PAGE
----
He said he fears that one of the difficulties to come will be dealing with a coordinated misinformation campaign against the upcoming COVID-19 vaccines, vaccines being a common subject of misinformation under normal circumstances.

Masks a key

Harada also talked about masks and their utility in slowing the spread of COVID-19, and urged people to stop wearing masks under their nose which he said is not nearly as effective as wearing them properly.

"You have to remember how the virus spreads, it spreads by getting on mucus membranes, by getting in your mouth, by getting in you're nose," he said. "The primary mode of transportation is by someone coughing or sneezing and you breathing in those droplets, so by covering both your nose and your mouth, if you're the one sneezing it decreases the amount of droplets that get in the air and if someone else is sneezing around you it can have some protective benefits."

He also said if someone is sitting down and only puts a mask on when someone else approaches they're still leaving an area around them full of these potentially infecting droplets, which is far less effective than just wearing the mask at all times.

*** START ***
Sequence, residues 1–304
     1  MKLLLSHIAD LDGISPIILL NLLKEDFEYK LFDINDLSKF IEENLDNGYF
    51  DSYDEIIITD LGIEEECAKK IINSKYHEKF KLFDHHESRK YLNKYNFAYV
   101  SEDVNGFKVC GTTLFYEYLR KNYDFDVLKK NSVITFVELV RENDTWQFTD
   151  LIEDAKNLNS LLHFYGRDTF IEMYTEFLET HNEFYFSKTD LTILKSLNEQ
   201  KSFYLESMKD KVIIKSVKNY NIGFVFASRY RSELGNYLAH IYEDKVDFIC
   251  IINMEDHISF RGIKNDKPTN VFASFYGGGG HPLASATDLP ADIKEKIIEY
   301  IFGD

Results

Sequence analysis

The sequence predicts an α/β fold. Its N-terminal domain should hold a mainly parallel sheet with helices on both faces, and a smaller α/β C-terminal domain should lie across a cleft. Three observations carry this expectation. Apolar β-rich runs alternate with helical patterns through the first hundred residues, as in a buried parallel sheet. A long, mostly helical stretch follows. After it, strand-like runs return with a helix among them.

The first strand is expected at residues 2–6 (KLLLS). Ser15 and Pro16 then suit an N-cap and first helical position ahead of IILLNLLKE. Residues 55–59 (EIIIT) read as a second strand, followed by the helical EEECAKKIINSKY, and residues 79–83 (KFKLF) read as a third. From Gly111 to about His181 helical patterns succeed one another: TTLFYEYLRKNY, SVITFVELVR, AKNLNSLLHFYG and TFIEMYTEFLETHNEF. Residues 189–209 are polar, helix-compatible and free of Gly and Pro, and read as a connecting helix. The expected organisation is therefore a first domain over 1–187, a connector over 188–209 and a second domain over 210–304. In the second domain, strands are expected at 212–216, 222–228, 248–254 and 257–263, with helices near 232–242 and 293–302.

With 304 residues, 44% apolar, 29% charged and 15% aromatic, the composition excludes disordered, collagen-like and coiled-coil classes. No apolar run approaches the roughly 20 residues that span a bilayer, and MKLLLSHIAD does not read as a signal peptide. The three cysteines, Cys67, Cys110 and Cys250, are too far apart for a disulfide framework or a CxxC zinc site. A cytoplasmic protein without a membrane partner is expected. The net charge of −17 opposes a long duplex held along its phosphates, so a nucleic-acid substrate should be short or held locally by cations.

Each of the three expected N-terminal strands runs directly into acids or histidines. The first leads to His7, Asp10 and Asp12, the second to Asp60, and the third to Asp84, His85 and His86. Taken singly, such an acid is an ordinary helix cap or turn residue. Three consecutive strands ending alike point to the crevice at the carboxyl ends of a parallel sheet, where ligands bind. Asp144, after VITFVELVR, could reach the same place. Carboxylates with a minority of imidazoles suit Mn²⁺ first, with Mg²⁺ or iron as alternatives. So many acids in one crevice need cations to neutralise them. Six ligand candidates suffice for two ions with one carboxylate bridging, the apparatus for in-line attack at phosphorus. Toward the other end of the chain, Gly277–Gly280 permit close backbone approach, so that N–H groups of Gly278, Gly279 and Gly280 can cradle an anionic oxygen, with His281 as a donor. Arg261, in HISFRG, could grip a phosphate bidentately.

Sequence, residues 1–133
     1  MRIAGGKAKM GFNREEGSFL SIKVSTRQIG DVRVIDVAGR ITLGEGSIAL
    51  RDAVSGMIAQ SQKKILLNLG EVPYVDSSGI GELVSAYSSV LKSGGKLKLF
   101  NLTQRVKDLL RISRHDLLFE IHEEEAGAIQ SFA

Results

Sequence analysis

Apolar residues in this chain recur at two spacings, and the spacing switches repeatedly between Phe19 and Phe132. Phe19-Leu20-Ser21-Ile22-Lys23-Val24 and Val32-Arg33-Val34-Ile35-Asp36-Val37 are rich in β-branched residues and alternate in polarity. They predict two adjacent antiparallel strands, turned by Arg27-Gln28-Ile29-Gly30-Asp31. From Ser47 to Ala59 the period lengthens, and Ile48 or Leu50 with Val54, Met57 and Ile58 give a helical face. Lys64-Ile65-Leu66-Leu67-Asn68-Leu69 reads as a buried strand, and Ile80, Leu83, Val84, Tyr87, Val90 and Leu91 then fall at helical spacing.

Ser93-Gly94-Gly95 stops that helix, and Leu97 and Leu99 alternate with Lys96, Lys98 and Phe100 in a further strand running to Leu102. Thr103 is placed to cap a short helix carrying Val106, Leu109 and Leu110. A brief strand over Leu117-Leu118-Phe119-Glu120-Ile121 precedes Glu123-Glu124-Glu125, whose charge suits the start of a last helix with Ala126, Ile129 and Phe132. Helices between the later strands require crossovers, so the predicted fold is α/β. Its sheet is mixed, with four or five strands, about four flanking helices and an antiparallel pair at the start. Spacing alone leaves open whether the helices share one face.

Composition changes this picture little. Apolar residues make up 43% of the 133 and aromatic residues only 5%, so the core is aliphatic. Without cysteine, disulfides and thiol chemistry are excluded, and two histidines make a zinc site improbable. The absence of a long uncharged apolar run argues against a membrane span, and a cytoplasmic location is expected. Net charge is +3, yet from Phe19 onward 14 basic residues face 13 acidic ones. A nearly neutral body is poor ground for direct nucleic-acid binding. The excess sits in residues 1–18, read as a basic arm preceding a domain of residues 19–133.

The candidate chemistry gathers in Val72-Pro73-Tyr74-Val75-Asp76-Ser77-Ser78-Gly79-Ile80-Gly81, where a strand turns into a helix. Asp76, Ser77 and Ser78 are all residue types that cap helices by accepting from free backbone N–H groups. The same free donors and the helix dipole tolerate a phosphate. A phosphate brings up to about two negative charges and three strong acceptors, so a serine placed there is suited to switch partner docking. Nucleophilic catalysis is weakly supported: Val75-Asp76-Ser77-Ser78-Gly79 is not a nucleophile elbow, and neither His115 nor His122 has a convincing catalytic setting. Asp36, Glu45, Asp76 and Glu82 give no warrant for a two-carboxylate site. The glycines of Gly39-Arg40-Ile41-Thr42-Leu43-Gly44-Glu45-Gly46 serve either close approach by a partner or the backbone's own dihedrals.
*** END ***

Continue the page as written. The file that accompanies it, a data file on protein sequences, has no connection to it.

Harada said people need to keep these things in mind when going out into the public.

High chance of meeting the virus

He said, assuming the vast majority of Hill County's positive cases are in Havre, statistically an average 3 percent chance exists that someone will encounter a person with COVID-19 every time they go out in public, and that number may be higher, given that there are still a lot of people choosing not to get tested, and it doesn't take into account many asymptomatic carriers who are still undetected.

However, he said, there are activities that are lower-risk and ones that are higher-risk.